I don't fully understand this symbol. I know it means to repeat the bar, but how many times? Normally I'm used to the one slash and two dots in a bar, which I know means to repeat.

Can anyone help please?

  • After posting my answer I noticed that you wrote :/: whereas I overhastily read •//•. I suppose that :/: could mean "repeat the previous measure twice" although there are more conventional ways of denoting this. It might be clearer in context. Can you add an image of the sign and a few surrounding measures to the question?
    – phoog
    Aug 14, 2023 at 16:12
  • 3
    Please post an image that includes one or two measures on either side of the one being asked about.
    – Aaron
    Aug 14, 2023 at 16:14
  • 1
    That is not really a repeat symbol. Post an image if you want an accurate answer. Aug 14, 2023 at 18:14
  • HI Everyone, thanks so much Laurence and Phoog- your comments have been really helpful. @JohnBelzaguy I didn't manage to notate that accurately- I was having some issues with uploading a pic. It's exactly like the 2 bar repeat shown on Steinberg. Many thanks for all your help. Sep 2, 2023 at 12:43

2 Answers 2


It's a 2-bar repeat. You'll see the 4-bar variety as well, occasionally 8-bar.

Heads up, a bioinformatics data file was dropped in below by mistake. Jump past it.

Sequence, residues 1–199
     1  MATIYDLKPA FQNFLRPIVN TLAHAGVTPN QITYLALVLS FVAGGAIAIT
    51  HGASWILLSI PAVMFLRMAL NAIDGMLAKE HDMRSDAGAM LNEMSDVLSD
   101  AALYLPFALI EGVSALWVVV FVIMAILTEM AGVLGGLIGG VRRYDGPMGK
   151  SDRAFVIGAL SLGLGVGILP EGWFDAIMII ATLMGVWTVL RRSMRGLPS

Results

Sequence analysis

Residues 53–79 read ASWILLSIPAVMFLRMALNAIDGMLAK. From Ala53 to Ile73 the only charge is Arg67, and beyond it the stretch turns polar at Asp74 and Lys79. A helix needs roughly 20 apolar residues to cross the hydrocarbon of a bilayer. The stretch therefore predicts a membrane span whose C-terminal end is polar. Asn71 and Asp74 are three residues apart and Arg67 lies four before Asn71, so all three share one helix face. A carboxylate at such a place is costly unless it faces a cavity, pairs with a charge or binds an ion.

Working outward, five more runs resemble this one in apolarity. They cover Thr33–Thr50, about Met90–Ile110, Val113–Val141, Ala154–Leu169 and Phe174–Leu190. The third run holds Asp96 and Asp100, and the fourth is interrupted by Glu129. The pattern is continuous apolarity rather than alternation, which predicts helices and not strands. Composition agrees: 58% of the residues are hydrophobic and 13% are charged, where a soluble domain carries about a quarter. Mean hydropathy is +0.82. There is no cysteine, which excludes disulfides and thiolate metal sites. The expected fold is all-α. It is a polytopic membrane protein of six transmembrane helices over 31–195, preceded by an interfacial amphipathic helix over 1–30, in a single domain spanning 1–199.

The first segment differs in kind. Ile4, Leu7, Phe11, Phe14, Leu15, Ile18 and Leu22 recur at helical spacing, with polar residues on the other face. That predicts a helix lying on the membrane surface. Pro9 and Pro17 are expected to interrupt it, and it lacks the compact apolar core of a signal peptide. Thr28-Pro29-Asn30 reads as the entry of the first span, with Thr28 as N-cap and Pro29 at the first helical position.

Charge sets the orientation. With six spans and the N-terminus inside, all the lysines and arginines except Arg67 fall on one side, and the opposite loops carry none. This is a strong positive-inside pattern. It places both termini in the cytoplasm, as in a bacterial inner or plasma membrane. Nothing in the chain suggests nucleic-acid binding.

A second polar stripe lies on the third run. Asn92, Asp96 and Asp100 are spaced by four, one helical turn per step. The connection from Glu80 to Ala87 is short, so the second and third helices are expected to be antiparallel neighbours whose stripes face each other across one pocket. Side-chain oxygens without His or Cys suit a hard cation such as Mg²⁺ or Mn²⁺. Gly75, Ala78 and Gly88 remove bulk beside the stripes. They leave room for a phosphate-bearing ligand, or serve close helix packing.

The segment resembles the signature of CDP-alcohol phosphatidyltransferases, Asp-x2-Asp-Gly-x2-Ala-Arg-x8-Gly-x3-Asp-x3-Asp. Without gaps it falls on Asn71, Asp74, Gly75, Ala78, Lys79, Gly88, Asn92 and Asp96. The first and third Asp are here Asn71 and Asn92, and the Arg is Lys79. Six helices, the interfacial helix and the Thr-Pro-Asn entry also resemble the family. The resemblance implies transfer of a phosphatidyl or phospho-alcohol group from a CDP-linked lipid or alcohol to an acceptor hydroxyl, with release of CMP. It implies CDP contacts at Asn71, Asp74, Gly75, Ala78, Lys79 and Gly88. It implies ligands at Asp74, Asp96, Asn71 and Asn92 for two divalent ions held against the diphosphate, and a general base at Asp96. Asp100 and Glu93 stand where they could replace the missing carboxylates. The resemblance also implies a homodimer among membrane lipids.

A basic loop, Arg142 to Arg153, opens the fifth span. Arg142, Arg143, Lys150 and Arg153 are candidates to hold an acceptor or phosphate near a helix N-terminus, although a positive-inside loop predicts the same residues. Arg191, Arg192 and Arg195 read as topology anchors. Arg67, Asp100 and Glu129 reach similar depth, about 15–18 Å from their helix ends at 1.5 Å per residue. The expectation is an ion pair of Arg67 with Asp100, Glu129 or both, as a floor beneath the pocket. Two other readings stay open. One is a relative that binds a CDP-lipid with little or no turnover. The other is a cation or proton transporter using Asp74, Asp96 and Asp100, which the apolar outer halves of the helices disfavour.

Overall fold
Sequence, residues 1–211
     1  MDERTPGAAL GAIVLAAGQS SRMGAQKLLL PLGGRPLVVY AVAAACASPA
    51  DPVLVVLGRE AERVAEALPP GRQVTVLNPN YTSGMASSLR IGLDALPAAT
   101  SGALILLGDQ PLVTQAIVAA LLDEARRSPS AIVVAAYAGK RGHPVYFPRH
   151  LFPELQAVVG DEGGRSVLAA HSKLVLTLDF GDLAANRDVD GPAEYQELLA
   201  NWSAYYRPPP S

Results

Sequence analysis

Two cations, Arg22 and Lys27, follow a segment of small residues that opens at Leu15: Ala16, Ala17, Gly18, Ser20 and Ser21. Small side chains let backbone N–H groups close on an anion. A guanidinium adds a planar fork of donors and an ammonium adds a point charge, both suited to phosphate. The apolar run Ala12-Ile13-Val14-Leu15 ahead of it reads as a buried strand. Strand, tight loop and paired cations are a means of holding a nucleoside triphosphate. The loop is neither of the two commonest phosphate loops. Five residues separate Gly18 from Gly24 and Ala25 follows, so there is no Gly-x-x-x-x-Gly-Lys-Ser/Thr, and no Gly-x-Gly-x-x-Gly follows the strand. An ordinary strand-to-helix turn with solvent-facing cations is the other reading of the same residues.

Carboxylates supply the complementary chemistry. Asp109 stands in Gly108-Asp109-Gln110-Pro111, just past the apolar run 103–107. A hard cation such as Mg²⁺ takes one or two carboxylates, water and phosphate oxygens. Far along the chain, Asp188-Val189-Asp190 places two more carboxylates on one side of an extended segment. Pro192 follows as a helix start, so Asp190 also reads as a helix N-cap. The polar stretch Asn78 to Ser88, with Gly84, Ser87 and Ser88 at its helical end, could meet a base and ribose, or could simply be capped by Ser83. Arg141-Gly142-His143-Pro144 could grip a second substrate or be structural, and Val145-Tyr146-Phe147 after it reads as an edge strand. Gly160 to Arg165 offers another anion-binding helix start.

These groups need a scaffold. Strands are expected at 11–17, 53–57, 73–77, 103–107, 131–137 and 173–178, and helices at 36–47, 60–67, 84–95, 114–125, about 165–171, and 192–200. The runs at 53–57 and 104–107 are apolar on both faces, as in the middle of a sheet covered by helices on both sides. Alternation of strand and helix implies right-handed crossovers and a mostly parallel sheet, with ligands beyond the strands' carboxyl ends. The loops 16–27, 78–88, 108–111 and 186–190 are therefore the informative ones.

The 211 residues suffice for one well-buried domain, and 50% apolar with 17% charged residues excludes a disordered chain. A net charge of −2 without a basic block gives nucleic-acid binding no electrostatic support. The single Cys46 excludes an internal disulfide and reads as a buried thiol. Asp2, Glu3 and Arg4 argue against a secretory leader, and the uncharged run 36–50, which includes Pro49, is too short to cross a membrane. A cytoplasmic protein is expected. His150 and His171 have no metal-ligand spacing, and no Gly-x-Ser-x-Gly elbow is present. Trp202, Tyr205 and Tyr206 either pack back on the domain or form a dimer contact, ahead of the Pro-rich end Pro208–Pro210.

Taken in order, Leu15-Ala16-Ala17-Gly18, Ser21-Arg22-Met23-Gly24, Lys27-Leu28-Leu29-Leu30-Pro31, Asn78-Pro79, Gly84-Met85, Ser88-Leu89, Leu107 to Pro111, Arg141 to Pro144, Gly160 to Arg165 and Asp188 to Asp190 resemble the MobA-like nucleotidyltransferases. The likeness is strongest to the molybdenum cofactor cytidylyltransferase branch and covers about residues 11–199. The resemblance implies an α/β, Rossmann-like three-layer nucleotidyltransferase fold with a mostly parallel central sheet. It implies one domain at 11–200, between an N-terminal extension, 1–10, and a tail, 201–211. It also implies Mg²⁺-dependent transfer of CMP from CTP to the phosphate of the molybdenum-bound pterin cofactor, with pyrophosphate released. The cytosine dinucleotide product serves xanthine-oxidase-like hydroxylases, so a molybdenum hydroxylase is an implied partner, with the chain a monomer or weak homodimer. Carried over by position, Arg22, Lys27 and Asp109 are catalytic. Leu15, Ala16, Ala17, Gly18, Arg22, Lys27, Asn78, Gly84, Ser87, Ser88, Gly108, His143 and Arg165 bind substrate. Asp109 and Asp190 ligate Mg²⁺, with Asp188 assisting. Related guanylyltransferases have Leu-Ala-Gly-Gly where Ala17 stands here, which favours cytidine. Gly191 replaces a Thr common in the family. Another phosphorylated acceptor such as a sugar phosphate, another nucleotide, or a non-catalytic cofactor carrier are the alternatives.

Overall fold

There's a variation of the same idea sometimes used in drum parts. Write one bar of the groove, then 'play x' or 'play x bars', perhaps with a squiggly line underneath (but preferably not a multirest bar, which could be confused with a multirest). The drummer may repeat literally what is written, or may be allowed some latitude, depending on where the musical style lies on the scale between Military Band and Jazz Ensemble!

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It means to repeat two measures.

The best source I've found for this is https://steinberg.help/dorico/v2/en/dorico/topics/notation_reference/notation_reference_bar_repeats_c.html

For example, a one-bar repeat indicates that the material in one bar is repeated, meaning every bar in the region repeats the same material. A four-bar repeat indicates that the material in the previous four bars is repeated.

The associated images show a slash between two dots for a single-bar repeat, two slashes between two dots with the numeral 2 written above for a two-bar repeat, and four slashes between two dots with the numeral 4 written above for a four-bar repeat.

Another source found subsequently:


Two-bar Repeat Signs: The most common sign to designate the repeat of a two-measure phrase is a double slash with two dots on the bar line between the two measures immediately after the two measures to be repeated. The number two is typically centered over the sign, but is technically not required. A composer can use any number of two-bar repeat signs in a row. An alternate way to designate the repeat of a two-measure phrase is the use of word bis (meaning twice) centered in brackets over the phrase (shown below).

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